Today marks the United Nations’ International Day for the Elimination of Violence against Women and the launch of 16 days of activism against gender-based violence.
This campaign will take place from 25 November to 10 December (International Human Rights Day) under the theme “Orange the World: Generation Equality Stands against Rape”.
“The theme highlights the need to end the “rape culture” that is entrenched in our society, whether in situations of conflict, peace, in our homes or on the streets.” -UN Women
This international day is designated to fight and to raise awareness on rape, domestic violence and other forms of violence against women.
This date became an official United Nations (UN) resolution in 1999, based on the assassination date of the Mirabal sisters, who were activists in the Dominican Republic.
For the UN, violence against women is “one of the most widespread, persistent and devastating human rights violation in our world today” and it is still “largely unreported due to the impunity, silence, stigma and shame surrounding it”.
Violence against Women and Girls (VAWG) can be sexual, physical and psychological, and can manifest itself through sexual violence, harassment, human trafficking, mutilation, child marriage or intimate partner violence.
It was defined in the Declaration on the Elimination of Violence Against Women, issued by the UN in 1993, as “any act of gender-based violence that results in, or is likely to result in, physical, sexual or psychological harm or suffering to women, including threats of such acts, coercion or arbitrary deprivation of liberty, whether occurring in public or in private life”.
Rape is at the centre of the theme this year because it is a specific physical form of violence which is “ rooted in a complex set of patriarchal beliefs, power and control that continue to create a social environment in which sexual violence is pervasive and normalised”, according to the UN.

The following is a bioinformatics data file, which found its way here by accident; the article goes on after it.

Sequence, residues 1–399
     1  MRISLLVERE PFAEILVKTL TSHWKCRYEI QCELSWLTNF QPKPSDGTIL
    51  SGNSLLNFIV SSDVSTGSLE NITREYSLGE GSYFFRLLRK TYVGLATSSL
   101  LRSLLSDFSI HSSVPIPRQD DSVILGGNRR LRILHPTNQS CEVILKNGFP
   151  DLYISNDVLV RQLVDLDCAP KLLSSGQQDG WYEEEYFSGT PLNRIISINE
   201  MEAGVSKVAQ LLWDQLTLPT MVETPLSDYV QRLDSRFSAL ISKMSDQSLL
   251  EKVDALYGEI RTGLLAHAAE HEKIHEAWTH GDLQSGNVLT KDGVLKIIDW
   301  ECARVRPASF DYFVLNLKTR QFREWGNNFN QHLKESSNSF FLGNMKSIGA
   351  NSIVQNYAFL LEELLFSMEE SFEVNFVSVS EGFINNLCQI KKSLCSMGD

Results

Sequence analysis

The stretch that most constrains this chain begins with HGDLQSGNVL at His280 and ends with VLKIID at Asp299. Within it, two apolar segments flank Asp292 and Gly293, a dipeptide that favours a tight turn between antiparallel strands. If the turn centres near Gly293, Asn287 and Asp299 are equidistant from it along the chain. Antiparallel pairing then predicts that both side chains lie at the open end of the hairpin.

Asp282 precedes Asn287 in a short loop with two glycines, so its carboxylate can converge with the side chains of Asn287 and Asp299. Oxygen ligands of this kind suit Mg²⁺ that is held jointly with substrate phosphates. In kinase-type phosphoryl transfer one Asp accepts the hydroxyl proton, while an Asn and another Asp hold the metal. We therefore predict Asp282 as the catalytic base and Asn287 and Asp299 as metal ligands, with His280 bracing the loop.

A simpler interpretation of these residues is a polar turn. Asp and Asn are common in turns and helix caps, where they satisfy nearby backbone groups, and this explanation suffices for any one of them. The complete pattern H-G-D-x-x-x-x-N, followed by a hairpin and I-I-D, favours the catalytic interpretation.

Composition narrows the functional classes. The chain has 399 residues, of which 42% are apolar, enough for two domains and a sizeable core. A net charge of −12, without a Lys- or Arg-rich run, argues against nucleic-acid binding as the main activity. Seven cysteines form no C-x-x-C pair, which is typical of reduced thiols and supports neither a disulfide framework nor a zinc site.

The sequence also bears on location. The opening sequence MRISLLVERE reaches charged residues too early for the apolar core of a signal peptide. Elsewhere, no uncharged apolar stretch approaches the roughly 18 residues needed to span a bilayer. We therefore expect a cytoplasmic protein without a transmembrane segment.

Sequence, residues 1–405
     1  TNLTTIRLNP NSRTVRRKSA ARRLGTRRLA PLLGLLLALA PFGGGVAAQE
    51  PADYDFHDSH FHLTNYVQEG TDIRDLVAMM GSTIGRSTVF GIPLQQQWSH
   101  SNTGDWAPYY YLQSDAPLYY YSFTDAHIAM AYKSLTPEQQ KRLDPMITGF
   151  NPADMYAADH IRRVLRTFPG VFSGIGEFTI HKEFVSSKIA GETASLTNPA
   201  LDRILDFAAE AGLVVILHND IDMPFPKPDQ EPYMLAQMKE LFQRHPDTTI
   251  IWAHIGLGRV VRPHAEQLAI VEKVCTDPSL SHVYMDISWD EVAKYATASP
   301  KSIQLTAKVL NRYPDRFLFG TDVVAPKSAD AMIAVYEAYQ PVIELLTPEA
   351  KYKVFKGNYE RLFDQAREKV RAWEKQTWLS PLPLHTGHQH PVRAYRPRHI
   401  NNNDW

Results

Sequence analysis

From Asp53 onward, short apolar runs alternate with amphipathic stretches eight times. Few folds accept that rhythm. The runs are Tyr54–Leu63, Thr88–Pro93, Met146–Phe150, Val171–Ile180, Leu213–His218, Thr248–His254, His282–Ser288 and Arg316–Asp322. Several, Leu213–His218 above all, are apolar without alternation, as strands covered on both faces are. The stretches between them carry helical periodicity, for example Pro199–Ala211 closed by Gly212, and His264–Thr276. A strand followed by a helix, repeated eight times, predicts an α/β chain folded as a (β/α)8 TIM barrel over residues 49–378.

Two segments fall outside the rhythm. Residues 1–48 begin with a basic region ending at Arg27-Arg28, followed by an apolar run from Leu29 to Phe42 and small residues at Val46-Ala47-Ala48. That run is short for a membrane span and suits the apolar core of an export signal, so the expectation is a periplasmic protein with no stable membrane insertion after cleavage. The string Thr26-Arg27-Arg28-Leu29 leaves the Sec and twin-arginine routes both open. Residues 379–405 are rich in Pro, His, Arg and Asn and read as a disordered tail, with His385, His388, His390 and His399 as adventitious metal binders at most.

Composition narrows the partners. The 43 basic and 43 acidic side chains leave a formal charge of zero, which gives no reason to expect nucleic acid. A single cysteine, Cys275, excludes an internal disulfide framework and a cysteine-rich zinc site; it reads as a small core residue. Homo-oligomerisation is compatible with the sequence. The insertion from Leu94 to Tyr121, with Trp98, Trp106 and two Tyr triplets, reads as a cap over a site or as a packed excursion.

“Sexual violence against women and girls is rooted in centuries of male domination. Let us not forget that the gender inequalities that fuel rape culture are essentially a question of power imbalances.” – António Guterres, UN Secretary-General
These last few years, survivors and activists have launched campaigns such as #MeToo #TimesUp and #BalanceTonPorc which have shed light on the issue of sexual violence and rape, while giving a voice to those who were previously silenced or ignored.
This focus on rape, and violence against women and girls in general, is supported by a wide range of figures and facts.
- 1 in 3 women and girls experience physical or sexual violence in their lifetime.
- 1 in 2 women in the world were killed by their partner or a family member in 2017.
- 72% of all human trafficking victims are women and girls.
Nicole Kidman, a UN Women Goodwill Ambassador said: “As a UN Women Goodwill Ambassador, I know that we all have a role to play. The 16 days campaign is a moment for the world to come together and take action.”
A commemoration will take place today at the UN headquarters in New York with several speakers and panelists such as Susannah Grant, the showrunner of Netflix’s limited series “Unbelievable” and Ajna Jusic, the President of the association “Forgotten Children of War.”
About 100 events will also be organised starting today, such as marches, art competitions, marathons and cycling rallies, and buildings and monuments will be lit in orange to symbolise a future free of violence against women.